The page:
Down the street from my house is Greendale Cemetery, bucolic despite its somber purpose. Huge arched gates frame the entrance. The meandering roads and paths that travel the gentle hills were once meant for horse and carriage and so, are narrow and graceful, barely wide enough for the landscaping truck to fit. Graves go back to the 1700’s; names on many stones are worn away, and still other, recent ones, have photographs imbedded in the stones, the living faces of the now dead. There are the children’s stones, carved angels and lambs sleeping on top; a stone motorcycle; a lion clutching a globe; and married couples interred together, husbands and wives often dying within days or months of each other as if they couldn’t bear to be apart. And because it is the season, the purple and pink rhododendrons are in explosive bloom, and trees, some as old as three hundred years, offer wide canopies of shade. It is an exquisitely peaceful place to walk—which is what I’ve been doing there for the past couple of days.Memorial Day weekend—all the veterans’ graves bear American flags. As I walk, I find myself drawn to these graves, reading the names, noting the marker in the ground that denotes which war that soldier fought in. Revolutionary War veterans, Civil War veterans—one soldier who died at Gettysburg, WWI and WWII veterans, and Korea and Vietnam. Normally, I wouldn’t spend so much times giving honor, normally I would quickly walk the loops, intent on exercise, normally I wouldn’t find myself tearing up by the grave of a stranger who had died in battle. But I’m already feeling a bit fragile this Memorial Weekend, my sadness close to the surface.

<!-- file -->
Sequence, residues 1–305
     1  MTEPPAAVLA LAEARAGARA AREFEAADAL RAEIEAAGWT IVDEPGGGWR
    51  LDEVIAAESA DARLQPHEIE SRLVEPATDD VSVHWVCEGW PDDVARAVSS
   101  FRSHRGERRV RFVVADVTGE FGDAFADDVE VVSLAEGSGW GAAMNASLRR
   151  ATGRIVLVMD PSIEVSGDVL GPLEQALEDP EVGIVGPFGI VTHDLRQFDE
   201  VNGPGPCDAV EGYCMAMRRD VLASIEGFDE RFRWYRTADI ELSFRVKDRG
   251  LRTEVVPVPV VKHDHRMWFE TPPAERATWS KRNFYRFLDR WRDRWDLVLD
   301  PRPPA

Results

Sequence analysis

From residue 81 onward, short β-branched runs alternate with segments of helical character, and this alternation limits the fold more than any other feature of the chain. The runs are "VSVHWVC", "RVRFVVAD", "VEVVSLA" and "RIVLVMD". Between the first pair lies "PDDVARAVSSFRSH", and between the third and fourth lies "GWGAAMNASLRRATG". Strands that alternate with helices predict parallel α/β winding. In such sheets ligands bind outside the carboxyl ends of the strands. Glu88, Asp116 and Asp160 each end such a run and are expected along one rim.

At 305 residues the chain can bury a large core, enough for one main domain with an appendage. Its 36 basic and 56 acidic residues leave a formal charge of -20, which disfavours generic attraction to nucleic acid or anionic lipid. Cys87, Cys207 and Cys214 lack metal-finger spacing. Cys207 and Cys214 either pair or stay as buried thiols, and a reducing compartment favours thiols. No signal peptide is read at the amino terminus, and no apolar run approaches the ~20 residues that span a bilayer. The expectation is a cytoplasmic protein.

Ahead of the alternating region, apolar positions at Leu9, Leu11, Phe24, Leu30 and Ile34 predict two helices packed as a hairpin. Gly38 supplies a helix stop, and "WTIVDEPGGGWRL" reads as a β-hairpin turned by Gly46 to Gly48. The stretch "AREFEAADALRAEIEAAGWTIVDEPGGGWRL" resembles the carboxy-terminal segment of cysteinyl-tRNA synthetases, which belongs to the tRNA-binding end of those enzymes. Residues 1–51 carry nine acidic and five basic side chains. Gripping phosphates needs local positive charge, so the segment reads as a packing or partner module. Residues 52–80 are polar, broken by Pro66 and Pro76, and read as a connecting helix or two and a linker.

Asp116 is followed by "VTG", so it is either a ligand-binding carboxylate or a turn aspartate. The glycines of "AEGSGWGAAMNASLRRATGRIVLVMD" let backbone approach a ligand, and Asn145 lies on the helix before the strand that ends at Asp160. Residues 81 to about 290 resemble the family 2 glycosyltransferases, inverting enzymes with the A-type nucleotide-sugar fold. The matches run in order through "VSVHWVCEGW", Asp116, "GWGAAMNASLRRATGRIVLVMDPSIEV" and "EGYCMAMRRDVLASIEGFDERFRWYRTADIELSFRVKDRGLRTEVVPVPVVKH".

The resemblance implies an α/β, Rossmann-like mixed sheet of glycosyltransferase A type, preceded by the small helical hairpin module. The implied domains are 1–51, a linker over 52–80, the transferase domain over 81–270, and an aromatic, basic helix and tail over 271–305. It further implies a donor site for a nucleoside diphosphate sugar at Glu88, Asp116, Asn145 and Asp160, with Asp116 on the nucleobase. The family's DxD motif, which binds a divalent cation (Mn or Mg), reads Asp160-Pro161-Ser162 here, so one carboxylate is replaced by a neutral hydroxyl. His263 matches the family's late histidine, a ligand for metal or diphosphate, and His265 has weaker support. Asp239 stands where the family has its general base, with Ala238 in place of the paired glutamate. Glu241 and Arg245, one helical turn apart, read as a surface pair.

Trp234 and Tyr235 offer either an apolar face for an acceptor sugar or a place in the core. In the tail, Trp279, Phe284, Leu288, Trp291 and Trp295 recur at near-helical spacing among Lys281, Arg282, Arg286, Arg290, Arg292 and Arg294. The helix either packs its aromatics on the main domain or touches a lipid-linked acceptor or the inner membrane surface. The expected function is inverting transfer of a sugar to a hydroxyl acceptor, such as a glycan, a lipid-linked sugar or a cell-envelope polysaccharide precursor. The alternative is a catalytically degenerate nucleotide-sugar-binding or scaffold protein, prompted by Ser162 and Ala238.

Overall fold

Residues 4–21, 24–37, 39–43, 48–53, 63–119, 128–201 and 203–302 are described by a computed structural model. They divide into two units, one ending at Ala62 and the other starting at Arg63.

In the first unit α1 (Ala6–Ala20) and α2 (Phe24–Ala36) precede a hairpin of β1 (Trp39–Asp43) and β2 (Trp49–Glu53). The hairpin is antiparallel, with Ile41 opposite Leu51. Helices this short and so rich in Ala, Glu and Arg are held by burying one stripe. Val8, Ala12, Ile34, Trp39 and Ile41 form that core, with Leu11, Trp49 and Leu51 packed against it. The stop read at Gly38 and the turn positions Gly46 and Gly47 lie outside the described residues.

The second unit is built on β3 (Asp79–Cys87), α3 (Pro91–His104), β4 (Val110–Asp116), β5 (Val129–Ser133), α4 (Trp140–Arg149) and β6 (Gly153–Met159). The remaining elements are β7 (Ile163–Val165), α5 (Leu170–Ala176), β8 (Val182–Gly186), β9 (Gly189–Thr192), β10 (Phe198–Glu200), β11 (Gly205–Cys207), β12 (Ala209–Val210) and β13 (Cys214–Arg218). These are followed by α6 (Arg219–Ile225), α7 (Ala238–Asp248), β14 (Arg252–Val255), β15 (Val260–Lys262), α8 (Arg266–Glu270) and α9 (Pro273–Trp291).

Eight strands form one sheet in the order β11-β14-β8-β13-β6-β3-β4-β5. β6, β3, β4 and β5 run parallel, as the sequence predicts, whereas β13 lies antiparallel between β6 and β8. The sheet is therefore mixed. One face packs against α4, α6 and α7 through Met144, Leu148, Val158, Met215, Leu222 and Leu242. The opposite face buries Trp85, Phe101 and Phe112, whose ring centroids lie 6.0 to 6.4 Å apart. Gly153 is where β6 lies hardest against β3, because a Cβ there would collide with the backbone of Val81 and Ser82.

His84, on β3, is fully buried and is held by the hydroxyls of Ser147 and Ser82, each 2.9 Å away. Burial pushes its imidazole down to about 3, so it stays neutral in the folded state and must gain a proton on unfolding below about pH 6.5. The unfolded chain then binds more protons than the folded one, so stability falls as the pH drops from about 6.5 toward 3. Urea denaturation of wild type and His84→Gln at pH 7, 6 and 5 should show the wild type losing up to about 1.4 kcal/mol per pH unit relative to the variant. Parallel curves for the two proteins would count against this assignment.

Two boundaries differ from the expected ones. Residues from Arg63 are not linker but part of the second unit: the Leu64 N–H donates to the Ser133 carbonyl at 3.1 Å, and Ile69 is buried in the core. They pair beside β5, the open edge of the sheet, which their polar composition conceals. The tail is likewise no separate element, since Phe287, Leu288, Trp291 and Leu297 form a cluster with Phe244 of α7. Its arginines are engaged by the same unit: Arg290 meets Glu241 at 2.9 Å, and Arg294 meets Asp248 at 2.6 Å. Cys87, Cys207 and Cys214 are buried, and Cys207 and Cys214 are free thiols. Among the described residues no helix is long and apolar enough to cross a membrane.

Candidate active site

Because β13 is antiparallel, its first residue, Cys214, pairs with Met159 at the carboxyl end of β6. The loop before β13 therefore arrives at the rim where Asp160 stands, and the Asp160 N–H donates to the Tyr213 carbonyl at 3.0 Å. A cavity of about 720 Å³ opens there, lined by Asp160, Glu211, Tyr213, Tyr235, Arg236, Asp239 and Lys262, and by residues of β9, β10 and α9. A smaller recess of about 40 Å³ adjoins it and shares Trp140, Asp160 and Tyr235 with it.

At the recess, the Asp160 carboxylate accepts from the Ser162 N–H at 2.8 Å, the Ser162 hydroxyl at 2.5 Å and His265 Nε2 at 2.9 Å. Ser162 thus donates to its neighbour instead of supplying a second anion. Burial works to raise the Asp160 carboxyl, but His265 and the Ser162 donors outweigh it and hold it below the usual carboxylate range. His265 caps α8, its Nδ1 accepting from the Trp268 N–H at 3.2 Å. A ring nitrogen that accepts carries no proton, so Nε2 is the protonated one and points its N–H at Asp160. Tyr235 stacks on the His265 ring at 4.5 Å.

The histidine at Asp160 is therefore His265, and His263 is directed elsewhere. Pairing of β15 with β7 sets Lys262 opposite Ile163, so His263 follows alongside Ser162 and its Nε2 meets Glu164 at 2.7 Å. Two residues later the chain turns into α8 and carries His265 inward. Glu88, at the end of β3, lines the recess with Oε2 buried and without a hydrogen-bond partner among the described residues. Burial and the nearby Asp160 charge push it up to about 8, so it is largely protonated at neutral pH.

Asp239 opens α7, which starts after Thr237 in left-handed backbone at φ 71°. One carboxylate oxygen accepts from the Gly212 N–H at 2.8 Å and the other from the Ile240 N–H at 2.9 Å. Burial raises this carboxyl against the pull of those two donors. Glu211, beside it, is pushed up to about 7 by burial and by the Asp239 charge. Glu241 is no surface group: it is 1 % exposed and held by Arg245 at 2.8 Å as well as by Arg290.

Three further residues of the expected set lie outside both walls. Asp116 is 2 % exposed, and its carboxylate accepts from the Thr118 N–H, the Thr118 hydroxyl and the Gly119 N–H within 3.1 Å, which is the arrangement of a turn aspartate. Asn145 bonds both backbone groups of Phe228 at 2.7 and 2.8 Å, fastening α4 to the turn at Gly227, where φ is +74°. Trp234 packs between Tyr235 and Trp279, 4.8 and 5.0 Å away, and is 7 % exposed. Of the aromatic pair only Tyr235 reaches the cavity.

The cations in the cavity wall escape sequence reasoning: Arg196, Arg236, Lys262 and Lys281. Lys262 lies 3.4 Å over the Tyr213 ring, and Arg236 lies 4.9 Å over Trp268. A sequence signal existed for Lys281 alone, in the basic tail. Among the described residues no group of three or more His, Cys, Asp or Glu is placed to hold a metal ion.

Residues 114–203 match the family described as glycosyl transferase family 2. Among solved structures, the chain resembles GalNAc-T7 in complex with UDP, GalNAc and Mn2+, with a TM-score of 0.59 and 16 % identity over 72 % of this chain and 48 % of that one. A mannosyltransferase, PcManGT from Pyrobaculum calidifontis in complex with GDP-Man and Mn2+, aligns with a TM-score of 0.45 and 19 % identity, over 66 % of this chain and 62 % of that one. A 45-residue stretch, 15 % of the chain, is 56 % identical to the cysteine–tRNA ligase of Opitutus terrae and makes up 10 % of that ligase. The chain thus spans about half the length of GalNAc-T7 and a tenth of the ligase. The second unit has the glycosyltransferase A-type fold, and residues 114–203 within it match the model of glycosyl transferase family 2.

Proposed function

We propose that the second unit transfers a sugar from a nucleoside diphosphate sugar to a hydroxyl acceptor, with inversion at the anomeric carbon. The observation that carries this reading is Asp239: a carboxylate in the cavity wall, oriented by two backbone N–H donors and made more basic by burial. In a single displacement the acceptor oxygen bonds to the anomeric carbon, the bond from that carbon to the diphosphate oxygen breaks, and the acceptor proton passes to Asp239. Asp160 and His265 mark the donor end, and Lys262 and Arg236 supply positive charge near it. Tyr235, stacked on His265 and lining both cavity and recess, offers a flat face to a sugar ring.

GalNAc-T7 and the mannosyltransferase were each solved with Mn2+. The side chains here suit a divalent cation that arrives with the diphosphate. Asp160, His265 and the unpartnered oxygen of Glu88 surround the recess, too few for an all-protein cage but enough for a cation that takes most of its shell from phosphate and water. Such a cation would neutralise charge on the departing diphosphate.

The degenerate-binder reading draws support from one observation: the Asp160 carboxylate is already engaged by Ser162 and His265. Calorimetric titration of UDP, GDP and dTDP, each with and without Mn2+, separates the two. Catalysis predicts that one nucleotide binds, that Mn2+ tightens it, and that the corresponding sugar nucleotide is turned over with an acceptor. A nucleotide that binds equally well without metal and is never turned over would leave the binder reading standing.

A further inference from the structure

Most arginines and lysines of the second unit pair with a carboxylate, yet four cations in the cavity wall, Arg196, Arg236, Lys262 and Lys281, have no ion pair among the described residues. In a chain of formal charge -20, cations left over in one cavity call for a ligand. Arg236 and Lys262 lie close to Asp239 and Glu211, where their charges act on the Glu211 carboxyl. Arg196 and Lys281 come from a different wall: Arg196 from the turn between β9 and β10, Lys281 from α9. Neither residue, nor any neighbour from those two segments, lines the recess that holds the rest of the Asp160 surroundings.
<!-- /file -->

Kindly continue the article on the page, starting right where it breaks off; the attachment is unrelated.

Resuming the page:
My kids are with my ex-husband at his family member’s wedding. A wedding that I imagined myself at when we received news of the engagement a year ago. All year, whenever I imagined May, I imagined the wedding. Now, of course, I am in my new home, alone, and not there with them. I’ve been avoiding Facebook all weekend because friends and relatives of my ex-husband have been posting pictures of the wedding and reception. Most painful, are the pictures my ex-husband posts of himself with our kids, all dressed up and beautiful and there without me. Pictures of the wedding reopen the wounds I’ve been trying to close these past six months because they remind me of my own wedding, and those very same people who attended our celebration. And I am reminded of the death of my dream, our dream that began with such surety and hope.Much like the feeling I get as I walk through the cemetery surrounded by thousands of people who were like me: full of hope for the future and buoyant determination and a belief that they were doing the absolute right thing. A marriage doesn’t simply die on the day divorce papers are signed. Dreams are slow to recede. All those couples buried together, so many stones reading, “Joined in eternity.” It stops my heart because I wonder and fear: Will I be buried alone? This isn’t meant to be maudlin—in a way, my grief commemorates the life that once was. Much like the flags and markers beside the veterans’ stones.